Many of the British, Australian and American prisoners held by the Japanese
during the Second World War were so scarred by their experiences that afterwards
they could not discuss them even with their families. They believed that their
brutal treatment was, literally, incomprehensible.
But some prisoners were determined that posterity should know how they were starved and beaten, marched almost to death and used as slave labour, and how thousands died from tropical diseases. They risked torture and execution to keep secret diaries and make sketches and drawing that they hid from the guards wherever they could, sometimes burying them in the graves of lost comrades. Drawing on these diaries, and on interviews with former Far East Prisoners of War, 'Surviving the Sword' tells of inhumanity and degradation, but also of inspirational examples of courage, comradeship and compassion.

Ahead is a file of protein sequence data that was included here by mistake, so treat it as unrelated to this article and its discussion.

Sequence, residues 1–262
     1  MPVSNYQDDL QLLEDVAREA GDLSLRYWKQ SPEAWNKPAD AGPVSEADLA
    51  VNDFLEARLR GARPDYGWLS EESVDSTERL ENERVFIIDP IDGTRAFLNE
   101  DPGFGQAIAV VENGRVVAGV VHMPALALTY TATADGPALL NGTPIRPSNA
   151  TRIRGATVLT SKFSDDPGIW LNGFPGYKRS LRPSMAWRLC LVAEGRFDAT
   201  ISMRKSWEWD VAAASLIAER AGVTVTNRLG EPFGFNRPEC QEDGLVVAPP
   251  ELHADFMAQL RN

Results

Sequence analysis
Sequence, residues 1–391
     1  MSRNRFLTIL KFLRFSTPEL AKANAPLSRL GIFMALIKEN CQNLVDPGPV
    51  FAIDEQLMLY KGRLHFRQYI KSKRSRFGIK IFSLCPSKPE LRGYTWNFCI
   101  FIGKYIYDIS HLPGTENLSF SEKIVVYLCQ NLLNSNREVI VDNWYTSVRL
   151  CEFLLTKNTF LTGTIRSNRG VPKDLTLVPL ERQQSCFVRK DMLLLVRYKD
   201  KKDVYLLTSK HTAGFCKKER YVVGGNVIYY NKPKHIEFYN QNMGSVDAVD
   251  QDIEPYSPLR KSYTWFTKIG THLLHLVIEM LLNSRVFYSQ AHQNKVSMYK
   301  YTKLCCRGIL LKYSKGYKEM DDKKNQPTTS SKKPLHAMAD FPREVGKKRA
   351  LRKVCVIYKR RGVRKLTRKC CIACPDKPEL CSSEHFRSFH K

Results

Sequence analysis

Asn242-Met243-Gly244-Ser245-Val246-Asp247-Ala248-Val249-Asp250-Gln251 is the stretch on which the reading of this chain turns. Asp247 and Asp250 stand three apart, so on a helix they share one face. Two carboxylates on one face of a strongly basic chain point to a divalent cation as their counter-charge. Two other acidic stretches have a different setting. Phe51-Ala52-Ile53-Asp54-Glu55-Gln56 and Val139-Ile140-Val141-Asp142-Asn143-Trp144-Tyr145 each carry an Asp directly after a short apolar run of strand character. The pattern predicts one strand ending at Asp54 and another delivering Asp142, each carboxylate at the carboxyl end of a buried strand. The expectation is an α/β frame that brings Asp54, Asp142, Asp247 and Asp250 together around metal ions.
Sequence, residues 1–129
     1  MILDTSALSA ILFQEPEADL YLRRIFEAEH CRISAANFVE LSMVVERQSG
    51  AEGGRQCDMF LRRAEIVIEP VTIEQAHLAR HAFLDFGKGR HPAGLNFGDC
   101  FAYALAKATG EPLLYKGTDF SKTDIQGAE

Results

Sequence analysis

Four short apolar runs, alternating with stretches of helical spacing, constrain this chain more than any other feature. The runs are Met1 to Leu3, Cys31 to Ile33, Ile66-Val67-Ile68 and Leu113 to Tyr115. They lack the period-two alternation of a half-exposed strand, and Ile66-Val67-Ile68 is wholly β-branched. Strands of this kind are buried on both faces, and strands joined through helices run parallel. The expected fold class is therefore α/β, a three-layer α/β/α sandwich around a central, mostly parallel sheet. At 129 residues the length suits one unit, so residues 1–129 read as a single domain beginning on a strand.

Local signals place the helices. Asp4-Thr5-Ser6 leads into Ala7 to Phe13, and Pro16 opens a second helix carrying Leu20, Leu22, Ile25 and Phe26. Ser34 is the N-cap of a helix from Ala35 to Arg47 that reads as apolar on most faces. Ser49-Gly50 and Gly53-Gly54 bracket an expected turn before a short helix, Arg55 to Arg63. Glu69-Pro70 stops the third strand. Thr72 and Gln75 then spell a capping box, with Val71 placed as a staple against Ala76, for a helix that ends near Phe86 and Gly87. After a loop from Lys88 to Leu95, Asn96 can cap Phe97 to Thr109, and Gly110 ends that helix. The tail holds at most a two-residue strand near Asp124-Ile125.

- Interlude: 'We Feel Let Down Rather'
- Interlude: Christmas in Captivity
3. The Railway of Death
- Interlude: A Walk Along the River Kwai
4. The Real Story of the Bridge on the River Kwai
- Interlude: Boon Pong
- Interlude: Smokey Joe's
6. Sonkurai: Valley pf the Shadow of Death
- Interlude: Ave Maria
7. The Railway Opens
12. Jungle Medicine
13. Smoking 'Gone with the Wind'
14. King Rat
19. The 'Canaries'
20. Officers and Gentlemen
21. The Hellships
- Interlude: A Happy Ending
- Interlude: The 'Jap-happy'
- Interlude: A Conjuring Trick
- Interlude: Mozart
25. Changi 1944-45
- Interlude: 'Don't Let Thing Thing Drag'
- Interlude: Bushido
27. Home at Last
Epilogue: The Last Post
Postscript: What Became of Them?
'There are pages of this book that will bring tears to your eyes, tears evoked
by horror, pits and often admiration' - The Times
'Here is an important, timeless story, and MacArthur does it justice' -